I've been here a couple of times for help, and I'm back now at a very low point, and really appreciate more of your valuable help. I'm confused still and just really want to stop being in pain. The pain has got worse and I'm in constant daily pain from when I wake and I seem to be tearful constantly because of all this.
At my last appointment a month ago the orthopedic doctor suggested a nerve root injection, which I'm now on a waiting list for. He then freaked me out a lot by suggesting anything could go wrong and I could end up paralysed if he hits the wrong place. The date is getting closer, and I'm terrified of going ahead and of not, as I don't know what else is out there to help me. Due to a hospital mix up, my first ever pain management appointment got cancelled and I have to try to get back on a waiting list of up to 3 months for that. I've heard exercise could help so am trying swimming. I really am at a very low point in terms of how much more of this constant pain I can take, and appreciate any viewpoints, either to reassure me that a nerve root injection is not that dangerous or for other ideas. History again below, and thank you.
1.Dehydrated disc at L4/5 and L5/S1 level noted
2. incidental note of 7.5mm Tarlov cyst at level of S2
3. L5/C1 level diffuse disc bulge extending into the right extra foramina area and impinging on exiting nerve root at this level. Minimal associated facet joint degenerative changes.
4. Normal signal internsity of the bone marrow and spinal cord
Take a deep breath and relax. My PM doctor had to go over the risk factor sheet and have me sign it, and of course all of the scary stuff was on there. There are risks with any procedure, but the odds are about a million to one, especially if the doctor has done the procedure several times and is using fluoroscopy (X-Ray guided needle).
I will keep you in my prayers.
I'm sorry to hear about your back. Mine is giving me h e double toothpicks also. I had a nerve root injection in my neck at c7-t1. Mine was inflamed and it was a bit painful but not that bad. If you have the option of getting sedated, you might want to do it, I did not. I have to agree w/scoot about the scary warnings, all legal stuff. Also, I am obviously not a doc, but the nerve root is away from the spinal cord itself. You will be fine. May I suggest you stay on the list for a pain management doc, they are lifesavers if you find a good one. Mine moved after 2.5 years. Keep posting I'll be watching for you. Try and have a nice day! matt3507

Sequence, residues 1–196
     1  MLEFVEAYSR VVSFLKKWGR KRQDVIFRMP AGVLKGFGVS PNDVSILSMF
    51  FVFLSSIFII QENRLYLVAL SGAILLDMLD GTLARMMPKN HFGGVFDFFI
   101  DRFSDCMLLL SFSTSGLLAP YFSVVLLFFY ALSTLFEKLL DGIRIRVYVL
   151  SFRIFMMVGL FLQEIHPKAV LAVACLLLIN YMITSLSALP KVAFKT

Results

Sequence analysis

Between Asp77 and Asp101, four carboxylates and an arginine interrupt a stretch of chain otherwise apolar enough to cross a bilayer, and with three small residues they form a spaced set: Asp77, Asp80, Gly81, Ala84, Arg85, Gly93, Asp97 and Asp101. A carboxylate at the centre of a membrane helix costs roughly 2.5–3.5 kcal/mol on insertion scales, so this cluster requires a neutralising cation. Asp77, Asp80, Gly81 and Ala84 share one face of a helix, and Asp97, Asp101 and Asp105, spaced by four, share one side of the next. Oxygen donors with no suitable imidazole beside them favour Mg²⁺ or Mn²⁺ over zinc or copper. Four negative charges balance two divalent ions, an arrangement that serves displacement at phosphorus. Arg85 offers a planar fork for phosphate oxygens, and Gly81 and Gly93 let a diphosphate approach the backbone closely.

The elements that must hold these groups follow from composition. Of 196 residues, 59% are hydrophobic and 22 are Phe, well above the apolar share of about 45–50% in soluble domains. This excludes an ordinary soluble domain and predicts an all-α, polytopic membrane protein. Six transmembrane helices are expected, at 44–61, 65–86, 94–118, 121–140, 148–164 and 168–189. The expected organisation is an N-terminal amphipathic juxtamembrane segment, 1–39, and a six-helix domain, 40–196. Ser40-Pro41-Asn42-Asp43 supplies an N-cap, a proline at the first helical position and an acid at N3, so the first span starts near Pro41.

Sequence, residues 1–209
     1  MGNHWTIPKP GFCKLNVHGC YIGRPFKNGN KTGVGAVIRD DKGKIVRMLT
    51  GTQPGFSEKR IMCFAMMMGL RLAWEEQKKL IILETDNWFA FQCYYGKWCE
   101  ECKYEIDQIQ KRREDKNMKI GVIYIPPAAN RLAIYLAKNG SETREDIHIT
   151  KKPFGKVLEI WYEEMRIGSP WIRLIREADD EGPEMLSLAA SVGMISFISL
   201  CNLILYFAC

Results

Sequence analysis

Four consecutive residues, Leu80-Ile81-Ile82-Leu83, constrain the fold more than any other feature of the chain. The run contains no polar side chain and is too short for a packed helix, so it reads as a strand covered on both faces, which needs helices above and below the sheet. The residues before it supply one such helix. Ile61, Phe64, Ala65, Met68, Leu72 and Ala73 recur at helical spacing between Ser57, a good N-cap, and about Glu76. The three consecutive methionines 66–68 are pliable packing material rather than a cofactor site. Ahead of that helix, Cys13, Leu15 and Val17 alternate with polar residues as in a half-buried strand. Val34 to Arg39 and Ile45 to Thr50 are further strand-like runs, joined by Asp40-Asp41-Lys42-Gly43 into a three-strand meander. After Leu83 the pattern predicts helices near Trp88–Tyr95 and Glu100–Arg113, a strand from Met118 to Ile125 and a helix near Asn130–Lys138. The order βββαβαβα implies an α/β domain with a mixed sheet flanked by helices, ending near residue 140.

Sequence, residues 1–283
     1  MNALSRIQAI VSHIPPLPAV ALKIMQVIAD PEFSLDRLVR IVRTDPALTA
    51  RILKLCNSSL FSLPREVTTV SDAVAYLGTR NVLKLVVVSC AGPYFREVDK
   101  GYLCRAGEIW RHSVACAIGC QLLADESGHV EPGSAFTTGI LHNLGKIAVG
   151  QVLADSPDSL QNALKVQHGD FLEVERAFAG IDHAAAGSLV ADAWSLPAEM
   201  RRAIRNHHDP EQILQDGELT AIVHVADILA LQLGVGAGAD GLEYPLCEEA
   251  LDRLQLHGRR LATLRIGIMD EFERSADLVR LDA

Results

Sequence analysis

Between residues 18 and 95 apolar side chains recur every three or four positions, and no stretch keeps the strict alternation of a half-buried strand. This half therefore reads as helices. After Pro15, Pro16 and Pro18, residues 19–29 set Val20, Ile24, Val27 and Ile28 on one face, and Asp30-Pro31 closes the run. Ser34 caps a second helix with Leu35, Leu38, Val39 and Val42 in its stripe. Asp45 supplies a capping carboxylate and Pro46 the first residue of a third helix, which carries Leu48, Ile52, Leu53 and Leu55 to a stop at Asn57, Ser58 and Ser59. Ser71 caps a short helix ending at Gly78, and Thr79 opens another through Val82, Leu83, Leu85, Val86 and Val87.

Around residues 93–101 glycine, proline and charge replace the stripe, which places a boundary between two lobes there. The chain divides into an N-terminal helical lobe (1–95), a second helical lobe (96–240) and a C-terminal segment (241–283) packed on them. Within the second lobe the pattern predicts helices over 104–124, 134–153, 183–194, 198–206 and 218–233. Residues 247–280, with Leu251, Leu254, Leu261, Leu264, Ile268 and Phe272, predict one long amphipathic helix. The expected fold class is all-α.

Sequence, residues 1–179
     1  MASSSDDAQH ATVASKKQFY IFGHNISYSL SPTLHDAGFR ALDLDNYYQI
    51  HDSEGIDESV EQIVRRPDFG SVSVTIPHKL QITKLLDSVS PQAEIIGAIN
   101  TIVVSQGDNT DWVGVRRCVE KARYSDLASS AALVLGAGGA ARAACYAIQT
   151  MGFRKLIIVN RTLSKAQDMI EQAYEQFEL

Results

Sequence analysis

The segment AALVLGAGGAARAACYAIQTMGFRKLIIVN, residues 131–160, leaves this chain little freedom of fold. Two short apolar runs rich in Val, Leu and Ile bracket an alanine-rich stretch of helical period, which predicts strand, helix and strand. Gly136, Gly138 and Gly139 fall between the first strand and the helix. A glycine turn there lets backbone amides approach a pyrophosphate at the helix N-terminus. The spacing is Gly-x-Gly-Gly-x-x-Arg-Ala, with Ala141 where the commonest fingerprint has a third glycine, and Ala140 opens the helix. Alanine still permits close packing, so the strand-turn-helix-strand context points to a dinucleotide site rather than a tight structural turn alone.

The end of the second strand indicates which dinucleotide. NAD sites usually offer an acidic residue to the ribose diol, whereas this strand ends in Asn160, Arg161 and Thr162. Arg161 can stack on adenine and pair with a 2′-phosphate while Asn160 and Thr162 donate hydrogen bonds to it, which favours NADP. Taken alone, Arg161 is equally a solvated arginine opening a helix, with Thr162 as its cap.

Hi there I can certainly understand everything you said and I mean everything. I had a nerve root injection done 3 months post microdisctomy, I was in pain and was ready to get relieved of it. My doc said that would be the best way to go. Sorry to tell you but my experience was not good at all. I ended up with more pain in places that I didn't even have before. I would have kept the pain I had in a heartbeat compared to after the epidural. I went in having low back and left buttock pain, I came out with severe pain in lower back, in both legs, including my feet. I had it done in August and it is not November and I am finally back to the pain I started with. Water therapy helped get me back to where I was initially. I had found a good doc and he prescribed exercises for me. I think it is good to be honest with you, the kind folks here on the health board told me that they felt 3 months post surgery was a little early for a injection. Oh! how I wish I had listened to them. There is no guarantee, none whatsoever, you have to live with your decisions. If I had to do it over again, i would've done anything but that injection. Please know there are good ways to make our situation better, however it takes patience, patience and more patience, research, research and more research. You have a good start, you are in the right place. I wish you the very very best in your decision. Blessings!